Deck 3 suites feature sofas that fold out to make a bed and are considered suitable for families. There's also a central curtain within the cabin that can be closed to give added privacy on each side.
Ocean-view: Most of the ship's cabins measure 188 square feet and fall into the Standard Stateroom category. Beds can be split into a twin configuration or pushed together to create a standard double bed. Space around the beds can feel on the tight side, especially when beds are in a twin configuration.
Standard Staterooms feature two porthole windows, which don't let in a ton of light. However, cabins don't feel dark or confined, helped by the light decor of the room. TVs are hung from the wall facing the bed, making it easy to watch movies from your resting place. The positioning also acts as a space saver, as the TV doesn't take up space elsewhere in the cabin.
A handful of staterooms feature one queen bed that cannot be separated into a twin configuration.
Suite: Because of their much larger size -- 376 square feet -- Wind Surf's 30 suites feel extra luxurious. They're spacious and stylish, with a separate living area and bedroom. The ship's suites are exactly twice the size of the standard cabins, with double the closet space and two desks, plus the addition of a three-seat sofa, coffee table, armchair and footstool. There are two bathrooms in suites -- each one exactly the same in shape and size -- though no bathtub. Suites contain a TV in the bedroom and a second in the living area. One suite, located on Deck 5, measures 242 square feet due to its slightly angled position, and therefore has a different layout. Instead of two separate bathrooms, it contains a whirlpool tub with separate shower.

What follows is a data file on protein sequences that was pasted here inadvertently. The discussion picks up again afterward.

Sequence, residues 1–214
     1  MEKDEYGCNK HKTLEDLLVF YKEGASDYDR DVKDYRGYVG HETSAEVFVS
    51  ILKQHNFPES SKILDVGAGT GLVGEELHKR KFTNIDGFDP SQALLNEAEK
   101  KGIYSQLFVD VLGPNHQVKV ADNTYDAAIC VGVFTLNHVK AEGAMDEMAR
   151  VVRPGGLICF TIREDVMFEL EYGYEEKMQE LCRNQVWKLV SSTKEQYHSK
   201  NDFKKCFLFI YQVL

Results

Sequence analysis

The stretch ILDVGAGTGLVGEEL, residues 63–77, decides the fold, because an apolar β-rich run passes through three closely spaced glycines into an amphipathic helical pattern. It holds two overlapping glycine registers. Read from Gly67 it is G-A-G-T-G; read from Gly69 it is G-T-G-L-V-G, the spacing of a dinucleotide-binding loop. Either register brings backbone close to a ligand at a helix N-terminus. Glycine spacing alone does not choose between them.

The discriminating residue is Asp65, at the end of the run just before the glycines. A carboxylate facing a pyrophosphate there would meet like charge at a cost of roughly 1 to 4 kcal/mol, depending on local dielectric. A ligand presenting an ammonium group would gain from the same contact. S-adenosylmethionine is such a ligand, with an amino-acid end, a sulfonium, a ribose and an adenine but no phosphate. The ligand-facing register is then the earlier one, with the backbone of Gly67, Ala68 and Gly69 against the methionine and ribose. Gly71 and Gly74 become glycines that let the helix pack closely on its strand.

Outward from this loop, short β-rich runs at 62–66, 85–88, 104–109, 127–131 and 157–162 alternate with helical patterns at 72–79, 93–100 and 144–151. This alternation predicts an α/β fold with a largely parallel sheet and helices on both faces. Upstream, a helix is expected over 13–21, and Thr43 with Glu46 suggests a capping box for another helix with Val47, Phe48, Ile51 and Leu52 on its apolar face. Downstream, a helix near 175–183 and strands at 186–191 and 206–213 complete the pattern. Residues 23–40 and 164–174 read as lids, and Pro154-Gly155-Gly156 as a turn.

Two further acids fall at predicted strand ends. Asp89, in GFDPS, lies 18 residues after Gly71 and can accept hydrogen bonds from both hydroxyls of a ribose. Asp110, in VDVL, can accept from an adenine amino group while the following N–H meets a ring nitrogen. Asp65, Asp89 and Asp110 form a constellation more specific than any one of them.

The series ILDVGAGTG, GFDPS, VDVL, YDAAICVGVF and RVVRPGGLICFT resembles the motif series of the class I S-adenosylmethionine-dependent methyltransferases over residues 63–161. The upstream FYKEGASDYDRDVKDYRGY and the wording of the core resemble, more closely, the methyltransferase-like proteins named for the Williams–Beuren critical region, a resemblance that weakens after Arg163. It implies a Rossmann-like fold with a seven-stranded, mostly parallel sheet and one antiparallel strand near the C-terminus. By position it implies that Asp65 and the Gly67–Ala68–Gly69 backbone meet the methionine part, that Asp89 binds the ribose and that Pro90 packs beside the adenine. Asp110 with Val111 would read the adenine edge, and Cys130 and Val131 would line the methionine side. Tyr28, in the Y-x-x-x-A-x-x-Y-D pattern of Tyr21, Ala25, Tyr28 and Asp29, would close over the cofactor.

Bridge Suite: The ship's two largest suites measure a generous 495 square feet. Bridge Suites feel sumptuous and are extremely well appointed. We also like their location, on Deck 5, providing quick and easy access to some of the ship's main features, including the fitness center and Veranda restaurant, which are just one deck above.
The bedroom is spacious, with a king-sized bed and walk-in wardrobe. There's a 40-inch flat-screen TV in the lounge area and a second in the bedroom. There's also a large cabinet containing glassware, a Nespresso coffee machine, two chairs and small table, in addition to the three-seat sofa, armchair and coffee table.
Bridge Suite passengers receive a welcome bottle of Champagne with hors d'oeuvres and chocolate-dipped strawberries. On all other days of the voyage, Bridge Suite passengers receive cookies every morning.
Arguably, most impressive of all is the Bridge Suites' bathrooms, each of which contains a glass-enclosed rain-head shower, plus a separate corner Jacuzzi bath and a double sink. Although there's only one bathroom, it is divided to create a separate area containing the toilet and an additional sink.